Bridgette: It’s definitely an extension of it. All of those things that you said are really important, but absolutely resiliency is an extension of and how we should be building. We should be building houses that can last, that can withstand anything that gets thrown at them.

INHABITAT: Let’s talk about earthquakes! I’m especially interested in earthquakes, because I’m from California, where we have lots of earthquakes. You dealt with a couple of houses in your book that were designed specifically to address earthquakes.

Bridgette: The PAKSBAB building—Pakistan appropriate straw building—is an organization that went and taught people in Pakistan how to build earthquake-proof straw bale homes. Not only are they helping people in Pakistan gain new skills, but the way they’ve designed the foundation, the walls, and then the roof system means that these buildings can withstand earthquakes and keep people safe. And they’re affordable and easy to build.

INHABITAT: There’s a house in your book that uses rubble from the Haiti earthquake.

Bridgette: The Gabion House in Haiti is an amazing project because after the earthquake all these concrete cinder block houses fell down. And rather than actually haul it out of the city, which was what was happening, these projects took the rubble from the sites that they were working on and smashed it up into smaller chunks and put the rubble into gabion baskets, which are often used for retaining walls but can be used, actually, as kind of building blocks. These will be earthquake-proof houses and they’re not bringing in new material but using what they had right there.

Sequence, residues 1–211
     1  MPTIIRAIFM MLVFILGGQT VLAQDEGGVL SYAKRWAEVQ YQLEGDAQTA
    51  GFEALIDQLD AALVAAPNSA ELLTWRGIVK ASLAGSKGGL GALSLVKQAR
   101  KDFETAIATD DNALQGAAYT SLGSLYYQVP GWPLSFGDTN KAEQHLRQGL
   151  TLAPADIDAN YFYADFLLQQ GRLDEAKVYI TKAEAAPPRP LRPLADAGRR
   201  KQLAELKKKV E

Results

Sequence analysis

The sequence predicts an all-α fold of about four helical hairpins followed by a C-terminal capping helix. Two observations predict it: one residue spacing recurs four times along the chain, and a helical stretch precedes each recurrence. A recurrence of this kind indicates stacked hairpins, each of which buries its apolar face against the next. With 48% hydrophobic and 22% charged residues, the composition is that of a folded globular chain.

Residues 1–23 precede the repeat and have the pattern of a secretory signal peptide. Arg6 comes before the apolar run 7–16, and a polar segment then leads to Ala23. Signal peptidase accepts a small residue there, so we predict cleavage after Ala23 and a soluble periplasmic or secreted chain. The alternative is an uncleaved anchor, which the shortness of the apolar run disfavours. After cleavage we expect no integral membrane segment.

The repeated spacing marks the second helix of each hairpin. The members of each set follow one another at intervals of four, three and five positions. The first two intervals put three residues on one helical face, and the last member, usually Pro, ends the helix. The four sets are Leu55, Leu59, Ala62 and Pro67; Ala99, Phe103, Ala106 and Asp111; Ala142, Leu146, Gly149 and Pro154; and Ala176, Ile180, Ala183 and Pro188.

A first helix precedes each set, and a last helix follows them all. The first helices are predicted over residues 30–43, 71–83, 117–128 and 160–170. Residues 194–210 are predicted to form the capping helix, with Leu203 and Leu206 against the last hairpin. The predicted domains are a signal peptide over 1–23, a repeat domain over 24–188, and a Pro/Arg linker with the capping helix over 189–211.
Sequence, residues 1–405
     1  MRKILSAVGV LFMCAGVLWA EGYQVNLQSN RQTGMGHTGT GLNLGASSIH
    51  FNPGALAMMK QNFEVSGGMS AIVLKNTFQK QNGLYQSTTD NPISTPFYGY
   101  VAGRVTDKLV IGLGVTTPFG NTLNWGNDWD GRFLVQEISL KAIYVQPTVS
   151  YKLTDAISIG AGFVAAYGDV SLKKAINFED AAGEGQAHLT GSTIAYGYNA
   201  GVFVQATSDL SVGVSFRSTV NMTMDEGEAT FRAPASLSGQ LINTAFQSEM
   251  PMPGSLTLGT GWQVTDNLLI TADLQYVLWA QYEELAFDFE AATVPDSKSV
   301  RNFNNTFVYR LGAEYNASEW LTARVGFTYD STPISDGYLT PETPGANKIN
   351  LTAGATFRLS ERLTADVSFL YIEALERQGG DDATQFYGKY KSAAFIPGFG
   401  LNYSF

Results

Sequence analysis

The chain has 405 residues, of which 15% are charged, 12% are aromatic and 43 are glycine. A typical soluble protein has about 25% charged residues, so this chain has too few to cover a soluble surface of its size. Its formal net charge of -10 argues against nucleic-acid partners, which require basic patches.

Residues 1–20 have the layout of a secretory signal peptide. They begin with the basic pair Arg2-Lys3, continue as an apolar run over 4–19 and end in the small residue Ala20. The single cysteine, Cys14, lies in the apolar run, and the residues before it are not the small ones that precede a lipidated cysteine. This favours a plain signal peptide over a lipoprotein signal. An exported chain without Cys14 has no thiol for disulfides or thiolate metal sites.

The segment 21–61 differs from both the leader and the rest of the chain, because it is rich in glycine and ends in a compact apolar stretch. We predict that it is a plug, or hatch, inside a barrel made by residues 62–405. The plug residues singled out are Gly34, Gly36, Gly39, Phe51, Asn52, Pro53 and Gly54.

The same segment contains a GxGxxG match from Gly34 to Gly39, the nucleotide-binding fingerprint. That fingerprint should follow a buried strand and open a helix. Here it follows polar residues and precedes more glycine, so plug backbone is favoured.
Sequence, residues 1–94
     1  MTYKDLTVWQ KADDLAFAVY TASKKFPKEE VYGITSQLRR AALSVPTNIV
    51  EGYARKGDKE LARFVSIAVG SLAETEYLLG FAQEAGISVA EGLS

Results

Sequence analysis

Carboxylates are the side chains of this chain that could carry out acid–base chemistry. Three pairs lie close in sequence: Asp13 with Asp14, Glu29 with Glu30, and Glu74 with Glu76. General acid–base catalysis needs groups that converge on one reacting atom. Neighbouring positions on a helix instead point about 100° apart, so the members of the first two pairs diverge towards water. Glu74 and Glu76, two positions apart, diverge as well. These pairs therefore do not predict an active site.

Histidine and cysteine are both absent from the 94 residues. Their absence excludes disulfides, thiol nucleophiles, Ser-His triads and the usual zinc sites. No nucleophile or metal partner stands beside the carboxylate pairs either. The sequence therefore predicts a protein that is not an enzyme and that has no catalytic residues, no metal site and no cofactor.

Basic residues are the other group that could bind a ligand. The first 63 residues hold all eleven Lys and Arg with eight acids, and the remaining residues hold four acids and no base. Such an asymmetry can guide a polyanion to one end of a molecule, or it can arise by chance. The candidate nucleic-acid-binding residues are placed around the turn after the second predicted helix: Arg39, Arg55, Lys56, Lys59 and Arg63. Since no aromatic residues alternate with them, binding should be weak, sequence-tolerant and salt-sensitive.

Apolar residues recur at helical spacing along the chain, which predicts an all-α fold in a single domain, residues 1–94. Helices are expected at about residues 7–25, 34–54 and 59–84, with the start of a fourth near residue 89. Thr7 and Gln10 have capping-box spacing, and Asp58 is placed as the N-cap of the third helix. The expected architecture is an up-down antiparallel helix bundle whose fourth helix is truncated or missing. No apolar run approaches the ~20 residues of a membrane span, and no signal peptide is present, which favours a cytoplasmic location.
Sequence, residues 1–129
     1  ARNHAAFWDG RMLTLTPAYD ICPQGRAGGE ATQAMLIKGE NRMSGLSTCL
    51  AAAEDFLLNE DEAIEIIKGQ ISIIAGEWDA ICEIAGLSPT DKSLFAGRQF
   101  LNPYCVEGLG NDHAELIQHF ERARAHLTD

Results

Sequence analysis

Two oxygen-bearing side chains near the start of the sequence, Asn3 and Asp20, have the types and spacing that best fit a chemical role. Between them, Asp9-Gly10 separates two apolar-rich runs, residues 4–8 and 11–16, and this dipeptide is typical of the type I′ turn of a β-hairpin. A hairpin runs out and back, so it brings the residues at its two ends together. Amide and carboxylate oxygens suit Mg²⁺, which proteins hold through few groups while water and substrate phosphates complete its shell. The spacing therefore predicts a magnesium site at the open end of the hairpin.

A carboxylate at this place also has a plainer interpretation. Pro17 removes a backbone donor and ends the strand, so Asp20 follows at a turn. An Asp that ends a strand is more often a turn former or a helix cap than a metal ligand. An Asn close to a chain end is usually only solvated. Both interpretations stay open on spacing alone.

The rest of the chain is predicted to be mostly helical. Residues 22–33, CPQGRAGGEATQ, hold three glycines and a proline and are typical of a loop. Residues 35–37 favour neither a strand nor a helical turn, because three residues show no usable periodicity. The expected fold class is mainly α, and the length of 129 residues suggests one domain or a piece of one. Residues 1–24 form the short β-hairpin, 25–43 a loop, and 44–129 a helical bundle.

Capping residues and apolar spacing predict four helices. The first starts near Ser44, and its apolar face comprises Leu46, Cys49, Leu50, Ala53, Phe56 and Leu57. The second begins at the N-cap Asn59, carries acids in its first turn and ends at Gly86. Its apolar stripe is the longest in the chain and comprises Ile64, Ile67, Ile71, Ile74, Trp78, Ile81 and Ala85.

INHABITAT: You have a number of designs in your book that feature recycled shipping pallets, so I want you to tell me a little bit about those. In particular, there’s one design in your book called the Slumtube, which I think is sort of unfortunate name, but a great design.

Bridgette: Pallet architecture is really interesting because pallets are found all over the world and they’re free materials that anybody can use and build with. The Slumtube was made by a duo from Germany and they traveled to South Africa and wanted to teach the people how to build warmer, better houses for themselves using found materials. The slum part, I can’t really speak to why they named it that way, but I don’t think it was meant as a slight towards the people who live down there. They spent three months living and working near Johannesburg.